It’s a treaty obligation almost 200 years unfulfilled, but that could be changing.
It’s a non-voting position, but could still have impact. From WaPo last month:
There’s a new delegate in town: Kimberly Teehee, a former Obama White House Native American adviser, who was nominated by the Cherokee Nation in 2019 to become the House’s seventh nonvoting member. If the House agrees to seat the delegate, the move would expand the size of the House of Representatives and fulfill a nearly 200-year-old treaty obligation with the Cherokee Nation.
Even though she won’t be able to vote, it’s not just symbolic.
Yet political science research shows that far from being symbolic members, delegates can make a difference in Congress. For example, they can be effective legislators, sponsoring and co-sponsoring bills to advance their agenda. They field staff, serve on committees, work within their party, and collaborate with other delegates.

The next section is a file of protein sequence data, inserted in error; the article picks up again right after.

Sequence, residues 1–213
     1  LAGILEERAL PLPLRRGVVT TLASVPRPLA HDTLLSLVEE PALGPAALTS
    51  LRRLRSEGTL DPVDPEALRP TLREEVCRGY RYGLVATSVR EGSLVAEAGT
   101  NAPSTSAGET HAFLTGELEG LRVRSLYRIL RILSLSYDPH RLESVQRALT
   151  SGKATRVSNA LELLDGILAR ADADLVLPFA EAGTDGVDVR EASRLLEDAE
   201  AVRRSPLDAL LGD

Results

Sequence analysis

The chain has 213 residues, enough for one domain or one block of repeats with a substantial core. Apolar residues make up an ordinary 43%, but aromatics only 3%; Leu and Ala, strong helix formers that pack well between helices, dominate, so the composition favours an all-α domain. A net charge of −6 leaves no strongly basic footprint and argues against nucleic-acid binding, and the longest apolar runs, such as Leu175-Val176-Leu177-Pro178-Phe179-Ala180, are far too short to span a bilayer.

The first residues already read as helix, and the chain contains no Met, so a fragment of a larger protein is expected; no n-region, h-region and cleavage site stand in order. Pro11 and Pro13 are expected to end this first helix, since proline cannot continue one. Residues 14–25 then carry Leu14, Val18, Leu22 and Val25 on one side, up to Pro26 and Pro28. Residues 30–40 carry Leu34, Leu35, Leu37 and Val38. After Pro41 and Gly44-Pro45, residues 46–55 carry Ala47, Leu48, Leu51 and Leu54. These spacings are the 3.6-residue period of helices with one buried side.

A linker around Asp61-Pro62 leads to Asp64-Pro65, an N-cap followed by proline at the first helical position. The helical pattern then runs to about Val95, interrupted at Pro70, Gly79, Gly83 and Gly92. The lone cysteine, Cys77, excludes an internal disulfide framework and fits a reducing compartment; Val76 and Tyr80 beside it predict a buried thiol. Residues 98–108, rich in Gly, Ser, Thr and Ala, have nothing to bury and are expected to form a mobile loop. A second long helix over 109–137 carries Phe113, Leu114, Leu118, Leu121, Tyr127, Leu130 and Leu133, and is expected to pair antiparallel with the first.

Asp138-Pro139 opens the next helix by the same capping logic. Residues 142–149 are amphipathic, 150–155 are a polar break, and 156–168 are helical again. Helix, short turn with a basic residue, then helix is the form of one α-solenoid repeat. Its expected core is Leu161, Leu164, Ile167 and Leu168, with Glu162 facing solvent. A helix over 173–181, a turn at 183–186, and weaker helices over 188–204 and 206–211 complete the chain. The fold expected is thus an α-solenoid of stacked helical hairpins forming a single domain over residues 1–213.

Depending on party control, delegates vote in some procedural contexts on the House floor, although their vote doesn’t count if decisive. My own research has shown how delegates use tools like committee hearings, franking privileges (the ability to send mail for free), and member organizations to pursue strategic goals, lobby voting members, and serve as the sole elected voice for their constituents in the federal government — making a difference even without a vote.
Ms. Teehee has a law degree, and is a Democrat.
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